Completing a journey worthy of Odysseus, the Department of Labor's on-again, off-
again, much-debated and long-awaited revisions to the overtime pay regulations under
the Fair Labor Standards Act take effect on August 23, 2004. Delayed by partisan
wrangling for over a year and at various times thought to be near a political death, the
changes are the first significant overhaul of the overtime pay rules in more than 50 years.
These DOL regulations determine which employees are eligible for "time and a half"
premium pay for hours worked in excess of 40 in a workweek, and which employees are
"exempt" from the overtime pay requirements.
Organized labor has viewed the regulations as significantly weakening overtime pay
protections for many workers, and even the publication of the DOL's final rule in April
has not stopped Congressional efforts -- as recently as last month -- to scuttle the
changes. But with the deadline for implementation now only weeks away, employers
must quickly move beyond the role of spectators to a big-picture political saga, and
grapple with the practical effects of the changes on their workforces.
While most employers have already taken substantial steps to ensure compliance with the
new regulations, a number of industry surveys have shown many employers still
struggling to come up to speed. Complicating the compliance effort is the fact that for
many employers, implementing the new regulations will entail their first comprehensive
review of company pay practices in decades.
The first step for an employer in dealing with the new overtime regulations is to
understand what has changed, and what has not. Typically, employees are eligible for
overtime premium pay (as "non-exempt employees") unless they hold positions falling
within one of three "white collar" exemptions. To fit within these three exemptions --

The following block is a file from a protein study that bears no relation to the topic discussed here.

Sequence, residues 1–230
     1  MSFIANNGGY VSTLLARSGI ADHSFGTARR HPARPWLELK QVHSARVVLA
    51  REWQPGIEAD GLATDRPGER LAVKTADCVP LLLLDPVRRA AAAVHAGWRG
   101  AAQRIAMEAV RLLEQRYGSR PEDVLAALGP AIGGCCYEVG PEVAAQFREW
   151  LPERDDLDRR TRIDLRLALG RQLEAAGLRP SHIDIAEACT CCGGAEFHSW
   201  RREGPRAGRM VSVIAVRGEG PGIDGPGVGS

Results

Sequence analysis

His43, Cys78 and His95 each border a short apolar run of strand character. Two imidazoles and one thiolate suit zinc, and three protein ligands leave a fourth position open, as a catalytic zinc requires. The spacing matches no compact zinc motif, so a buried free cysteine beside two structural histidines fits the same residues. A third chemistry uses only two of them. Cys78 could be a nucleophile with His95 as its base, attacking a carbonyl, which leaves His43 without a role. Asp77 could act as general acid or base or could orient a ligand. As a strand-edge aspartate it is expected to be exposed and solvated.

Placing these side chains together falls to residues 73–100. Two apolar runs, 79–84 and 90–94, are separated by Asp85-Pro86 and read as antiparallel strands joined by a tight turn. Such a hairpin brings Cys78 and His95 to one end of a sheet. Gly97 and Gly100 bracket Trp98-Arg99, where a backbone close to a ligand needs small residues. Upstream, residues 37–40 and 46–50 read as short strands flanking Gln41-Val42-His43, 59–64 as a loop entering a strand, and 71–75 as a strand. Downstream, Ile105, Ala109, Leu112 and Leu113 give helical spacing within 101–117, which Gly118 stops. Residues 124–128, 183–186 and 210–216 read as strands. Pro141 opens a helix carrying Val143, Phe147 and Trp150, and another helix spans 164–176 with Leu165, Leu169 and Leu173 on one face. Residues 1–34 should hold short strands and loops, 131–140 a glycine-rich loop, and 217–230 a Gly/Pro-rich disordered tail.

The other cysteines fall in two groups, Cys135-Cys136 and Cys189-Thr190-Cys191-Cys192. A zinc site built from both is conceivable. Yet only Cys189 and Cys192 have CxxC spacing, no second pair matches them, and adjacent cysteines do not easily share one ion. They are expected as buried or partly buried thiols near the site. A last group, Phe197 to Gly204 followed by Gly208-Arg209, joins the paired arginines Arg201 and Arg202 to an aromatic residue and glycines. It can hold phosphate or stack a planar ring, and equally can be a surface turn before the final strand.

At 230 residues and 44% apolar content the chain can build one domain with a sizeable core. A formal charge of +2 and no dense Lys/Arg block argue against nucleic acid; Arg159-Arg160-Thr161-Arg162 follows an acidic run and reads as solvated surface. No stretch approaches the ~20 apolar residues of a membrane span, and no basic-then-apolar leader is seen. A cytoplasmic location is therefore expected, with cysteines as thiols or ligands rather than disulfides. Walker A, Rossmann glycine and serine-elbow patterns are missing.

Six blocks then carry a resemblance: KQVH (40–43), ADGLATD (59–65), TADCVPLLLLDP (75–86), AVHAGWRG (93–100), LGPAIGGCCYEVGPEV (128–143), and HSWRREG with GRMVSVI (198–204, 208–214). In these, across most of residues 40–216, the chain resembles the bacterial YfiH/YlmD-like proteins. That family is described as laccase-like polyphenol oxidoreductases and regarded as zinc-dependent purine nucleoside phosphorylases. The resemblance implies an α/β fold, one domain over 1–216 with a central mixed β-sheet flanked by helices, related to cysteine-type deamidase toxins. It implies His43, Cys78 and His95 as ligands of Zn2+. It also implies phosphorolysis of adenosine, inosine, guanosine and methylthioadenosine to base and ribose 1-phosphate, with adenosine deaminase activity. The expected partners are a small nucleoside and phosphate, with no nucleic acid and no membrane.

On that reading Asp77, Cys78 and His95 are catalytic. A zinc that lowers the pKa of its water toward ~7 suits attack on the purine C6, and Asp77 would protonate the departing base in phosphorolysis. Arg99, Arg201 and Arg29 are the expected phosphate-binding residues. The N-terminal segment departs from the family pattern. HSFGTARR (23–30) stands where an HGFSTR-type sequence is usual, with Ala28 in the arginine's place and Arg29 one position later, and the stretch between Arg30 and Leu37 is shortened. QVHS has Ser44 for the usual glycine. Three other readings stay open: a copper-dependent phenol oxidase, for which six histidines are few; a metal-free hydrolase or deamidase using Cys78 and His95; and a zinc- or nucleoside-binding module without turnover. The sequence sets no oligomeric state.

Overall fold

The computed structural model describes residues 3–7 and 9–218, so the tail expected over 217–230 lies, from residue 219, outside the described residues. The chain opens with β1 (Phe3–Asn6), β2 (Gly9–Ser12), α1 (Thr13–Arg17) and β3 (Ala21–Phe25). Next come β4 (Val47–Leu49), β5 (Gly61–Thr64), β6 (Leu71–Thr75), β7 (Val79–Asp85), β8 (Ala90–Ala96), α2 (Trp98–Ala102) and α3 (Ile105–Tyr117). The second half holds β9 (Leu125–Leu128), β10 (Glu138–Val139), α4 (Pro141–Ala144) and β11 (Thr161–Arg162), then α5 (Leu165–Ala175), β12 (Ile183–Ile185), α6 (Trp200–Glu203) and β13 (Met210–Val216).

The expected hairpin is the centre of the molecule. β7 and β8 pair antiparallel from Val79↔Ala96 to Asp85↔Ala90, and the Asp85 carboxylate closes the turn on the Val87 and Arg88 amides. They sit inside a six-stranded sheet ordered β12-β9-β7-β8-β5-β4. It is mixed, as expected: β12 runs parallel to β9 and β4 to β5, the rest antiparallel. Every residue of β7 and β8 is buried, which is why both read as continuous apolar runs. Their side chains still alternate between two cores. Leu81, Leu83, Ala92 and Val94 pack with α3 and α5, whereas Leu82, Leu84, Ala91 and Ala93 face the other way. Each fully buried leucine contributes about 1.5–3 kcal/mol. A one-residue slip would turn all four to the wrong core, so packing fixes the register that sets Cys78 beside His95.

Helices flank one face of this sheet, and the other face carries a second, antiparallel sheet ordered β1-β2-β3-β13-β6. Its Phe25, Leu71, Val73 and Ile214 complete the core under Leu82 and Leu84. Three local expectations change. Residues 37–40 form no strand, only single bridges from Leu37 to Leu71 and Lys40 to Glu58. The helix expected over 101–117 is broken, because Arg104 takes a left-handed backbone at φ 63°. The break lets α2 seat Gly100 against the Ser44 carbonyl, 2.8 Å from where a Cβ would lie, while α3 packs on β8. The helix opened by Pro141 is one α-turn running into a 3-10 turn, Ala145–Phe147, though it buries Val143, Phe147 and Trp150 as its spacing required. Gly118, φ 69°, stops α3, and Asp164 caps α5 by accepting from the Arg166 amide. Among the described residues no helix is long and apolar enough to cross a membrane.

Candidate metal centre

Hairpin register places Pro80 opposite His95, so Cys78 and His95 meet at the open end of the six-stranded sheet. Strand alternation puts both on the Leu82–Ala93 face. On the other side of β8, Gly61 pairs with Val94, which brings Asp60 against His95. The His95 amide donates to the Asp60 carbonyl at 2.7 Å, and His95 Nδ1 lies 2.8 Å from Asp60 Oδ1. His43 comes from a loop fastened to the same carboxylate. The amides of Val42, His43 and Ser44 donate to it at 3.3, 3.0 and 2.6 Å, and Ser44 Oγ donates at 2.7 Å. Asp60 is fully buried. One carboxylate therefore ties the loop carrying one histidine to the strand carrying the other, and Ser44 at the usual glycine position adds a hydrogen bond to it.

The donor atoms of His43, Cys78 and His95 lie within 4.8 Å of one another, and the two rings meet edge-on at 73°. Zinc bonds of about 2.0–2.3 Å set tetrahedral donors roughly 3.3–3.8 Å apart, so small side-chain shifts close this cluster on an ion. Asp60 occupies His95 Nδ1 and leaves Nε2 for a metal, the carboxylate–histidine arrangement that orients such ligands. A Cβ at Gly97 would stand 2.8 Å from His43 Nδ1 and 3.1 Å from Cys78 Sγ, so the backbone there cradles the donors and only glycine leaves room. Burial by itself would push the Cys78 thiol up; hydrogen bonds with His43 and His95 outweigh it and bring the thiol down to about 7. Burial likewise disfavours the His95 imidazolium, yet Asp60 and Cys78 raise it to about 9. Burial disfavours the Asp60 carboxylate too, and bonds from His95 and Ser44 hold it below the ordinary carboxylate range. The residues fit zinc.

executive, administrative, and professional -- a position must both:
- Require the performance of particular, and typically discretionary, duties; and
- Be paid on a salaried, rather than hourly, basis, though there are several notable
exceptions to the "salary basis" requirement, including doctors, lawyers,
teachers, certain skilled computer professionals, outside salesmen, and
managers who own at least 20% of a business.
The new regulations loosen some of the standards on both prongs of this analysis. The
new rules broaden in important ways the white collar "duties" tests. They also relax
some of the criteria for determining whether a position is truly paid on a "salary basis"
(generally, payment of a predetermined amount for a workweek, which does not vary
based on the quality or quantity of work performed) or is instead, effectively,
compensated by the hour.
The duties tests
Executive Employees - As under the current regulations, an "executive" employee
must have as her "primary duty" the management of an enterprise, or a customarily
recognized department or subdivision of the enterprise. The "primary duty" test,
however, has been made significantly more flexible, both for "executive" positions
and for "administrative" and "professional" employees. First, while duties that
involve more than half an employee's time will still generally be considered
"primary," the new regulations provide greater leeway for a finding of exempt status
even where less than 50% of the employee's time is taken up with exempt functions.
Second, under the new regulations, non-exempt tasks that are "directly and closely
related" to an employee's exempt responsibilities may now be counted as exempt
work, in determining the employee's "primary duties." The standard for what
constitutes "management" duties has also been expanded, as has the definition of a
customarily recognized "department or subdivision" of an enterprise. As a result of
these changes, a number of employees who were previously just outside the
"executive employee" exemption should now be safely within it. Nonetheless, even